Title II Lite: Genachowski Says BitTorrent Decision Has Created Untenable Situation

FCC to start laying legal foundation for broadband regulation
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FCC Chairman Julius Genachowski
said Thursday (May 6) the FCC would start laying the legal foundation for
broadband regulation by seeking comment on his so-called "third way"
framework, saying he was still open to "all ideas."

He said the current regulatory
uncertainty was "untenable" and proposed the following, what he
called "narrowly tailored" approach that would return the broadband
regulatory regime to the "status quo":

"1. Recognize the
transmission component of broadband access service-and only this component-as a
telecommunications service;

2. Apply only a handful of
provisions of Title II (Sections 201, 202, 208, 222, 254, and 255) that, prior
to the Comcast decision, were widely believed to be within the Commission's
purview for broadband;

3. Simultaneously renounce-that
is, forbear from-application of the many sections of the Communications Act
that are unnecessary and inappropriate for broadband access service; and
4. Put in place up-front forbearance and meaningful boundaries to guard against
regulatory overreach.

He said he did not want
"heavy-handed, prescriptive regulation," but said a
"do-nothing" approach could leave "consumers unprotected and
competition un-promoted."

Genachowski, in a statement
released Thursday, said that the commission needs backstop authority to prevent
Internet access providers from restricting access to "lawful innovation or
speech," or engaging in unfair practices. He also said it was necessary
for implementing the national broadband plan of connecting everyone to the
Internet.

Genachowski said the court
decision in BitTorrent had created a serious problem that needed to be solved,
and stemmed from the "controversial" decisions of the FCC's
classification of broadband Internet access as an information service.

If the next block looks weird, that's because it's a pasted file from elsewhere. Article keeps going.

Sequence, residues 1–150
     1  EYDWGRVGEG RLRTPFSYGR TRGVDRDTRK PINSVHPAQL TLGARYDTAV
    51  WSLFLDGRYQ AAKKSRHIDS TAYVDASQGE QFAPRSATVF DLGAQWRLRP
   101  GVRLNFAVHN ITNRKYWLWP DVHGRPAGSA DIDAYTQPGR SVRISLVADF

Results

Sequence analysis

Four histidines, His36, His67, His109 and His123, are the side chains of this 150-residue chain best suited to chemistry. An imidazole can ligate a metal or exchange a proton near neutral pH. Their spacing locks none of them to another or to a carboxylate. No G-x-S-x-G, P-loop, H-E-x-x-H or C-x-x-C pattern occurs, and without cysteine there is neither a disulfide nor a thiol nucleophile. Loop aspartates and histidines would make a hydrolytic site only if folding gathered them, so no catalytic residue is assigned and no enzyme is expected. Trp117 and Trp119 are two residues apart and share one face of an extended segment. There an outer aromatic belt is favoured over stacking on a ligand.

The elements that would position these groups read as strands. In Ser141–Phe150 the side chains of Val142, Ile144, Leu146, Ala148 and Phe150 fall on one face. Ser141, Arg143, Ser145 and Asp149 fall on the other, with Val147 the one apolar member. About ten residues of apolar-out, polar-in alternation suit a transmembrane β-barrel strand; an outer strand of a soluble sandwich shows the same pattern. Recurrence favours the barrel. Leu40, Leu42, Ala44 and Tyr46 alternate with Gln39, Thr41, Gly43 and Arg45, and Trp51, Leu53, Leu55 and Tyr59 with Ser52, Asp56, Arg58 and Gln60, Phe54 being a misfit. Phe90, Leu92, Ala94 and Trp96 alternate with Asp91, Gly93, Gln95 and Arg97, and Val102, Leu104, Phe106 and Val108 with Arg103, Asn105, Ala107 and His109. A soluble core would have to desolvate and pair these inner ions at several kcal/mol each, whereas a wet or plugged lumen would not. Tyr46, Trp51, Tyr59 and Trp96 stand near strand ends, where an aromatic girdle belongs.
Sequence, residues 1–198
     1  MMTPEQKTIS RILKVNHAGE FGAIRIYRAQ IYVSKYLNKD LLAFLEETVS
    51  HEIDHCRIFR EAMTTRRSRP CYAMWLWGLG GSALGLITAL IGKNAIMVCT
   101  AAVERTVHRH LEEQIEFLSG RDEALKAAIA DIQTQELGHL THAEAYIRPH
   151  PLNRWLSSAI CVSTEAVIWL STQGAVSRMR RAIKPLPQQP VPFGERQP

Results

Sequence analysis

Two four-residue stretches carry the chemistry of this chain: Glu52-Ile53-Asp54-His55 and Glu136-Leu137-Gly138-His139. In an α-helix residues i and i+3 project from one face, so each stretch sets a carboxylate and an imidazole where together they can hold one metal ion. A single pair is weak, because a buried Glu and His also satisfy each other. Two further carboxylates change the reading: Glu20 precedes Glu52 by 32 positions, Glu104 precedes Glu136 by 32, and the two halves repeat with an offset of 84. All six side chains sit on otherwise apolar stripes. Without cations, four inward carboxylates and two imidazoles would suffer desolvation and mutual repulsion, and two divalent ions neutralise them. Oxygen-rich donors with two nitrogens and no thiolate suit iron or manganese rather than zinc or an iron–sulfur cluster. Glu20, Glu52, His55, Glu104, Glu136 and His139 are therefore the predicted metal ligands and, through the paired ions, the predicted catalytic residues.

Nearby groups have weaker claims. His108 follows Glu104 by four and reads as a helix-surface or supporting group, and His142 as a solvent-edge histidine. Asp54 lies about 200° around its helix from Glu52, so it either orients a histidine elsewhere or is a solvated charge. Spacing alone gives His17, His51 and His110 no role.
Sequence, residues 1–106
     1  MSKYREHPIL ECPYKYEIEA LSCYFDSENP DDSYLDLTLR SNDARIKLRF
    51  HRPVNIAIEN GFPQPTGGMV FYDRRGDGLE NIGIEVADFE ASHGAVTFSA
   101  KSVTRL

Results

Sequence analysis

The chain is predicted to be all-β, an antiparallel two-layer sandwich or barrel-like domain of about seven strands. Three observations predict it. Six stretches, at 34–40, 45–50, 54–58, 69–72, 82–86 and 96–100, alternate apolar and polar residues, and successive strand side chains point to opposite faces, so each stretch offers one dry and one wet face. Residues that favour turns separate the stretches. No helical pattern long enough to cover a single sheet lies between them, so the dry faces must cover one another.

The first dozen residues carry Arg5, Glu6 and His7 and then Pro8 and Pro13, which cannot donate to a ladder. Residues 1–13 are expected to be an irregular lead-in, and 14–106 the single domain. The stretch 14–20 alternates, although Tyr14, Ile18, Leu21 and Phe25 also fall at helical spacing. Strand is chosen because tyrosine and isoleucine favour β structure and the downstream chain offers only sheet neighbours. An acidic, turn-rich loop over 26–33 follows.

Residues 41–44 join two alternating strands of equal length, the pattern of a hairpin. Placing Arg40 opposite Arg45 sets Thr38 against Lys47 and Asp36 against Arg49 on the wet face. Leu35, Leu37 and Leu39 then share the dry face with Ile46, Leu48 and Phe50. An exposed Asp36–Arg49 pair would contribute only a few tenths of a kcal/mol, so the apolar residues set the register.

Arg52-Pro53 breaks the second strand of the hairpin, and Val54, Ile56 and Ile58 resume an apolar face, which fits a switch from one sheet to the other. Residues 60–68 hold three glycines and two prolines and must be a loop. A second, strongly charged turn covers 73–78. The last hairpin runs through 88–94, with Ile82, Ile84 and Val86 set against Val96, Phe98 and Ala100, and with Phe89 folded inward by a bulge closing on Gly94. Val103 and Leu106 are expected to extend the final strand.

"This undermining of settled understandings about the government's role in
safeguarding our communications networks is untenable."

Saying he had serious reservations
about either continuing to try to assert ancillary authority under Title I and
"indirectly" drawing on Title II provisions, or reclassifying it as a
Title II service, with the "dozens" of new regulations that would
result. He said General Counsel Austin Schlick had advised him that the Title I
approach would likely fail again in court. The chairman said that while Title
II would clarify the legal foundation, it would also result in the kind of
Internet regulation that failed to reflect bipartisan consensus that the net
should remain unregulated.

Net neutrality fans were
supportive, with caveats.

Free Press, which has been pushing
for Title II reclassification, applauded the effort, but was concerned that the
chairman might have steered that middle course too far away from some important
consumer protections.

"By putting the FCC's
regulatory framework back in harmony with Congressional intent, Chairman
Genachowski is reversing one of the worst deregulatory mistakes of the past decade,"
said Free Press Research Director Derek Turner. "This is a step in the
right direction that rejects the special interests of giant network owners. But
he should be cautious about throwing out rules that would promote competition
and affordability.  The chairman's plan appears to preemptively abandon
important provisions of the law that serve consumers."

Public Knowledge President Gigi B.
Sohn echoed that sentiment. "We are generally very pleased with the FCC's statement
this morning...The method the FCC is expected to propose should be on the
table, and we are glad it is. Having said that, we were not pleased to read
that the commission at the outset is foreclosing the possibility of requiring
line sharing."

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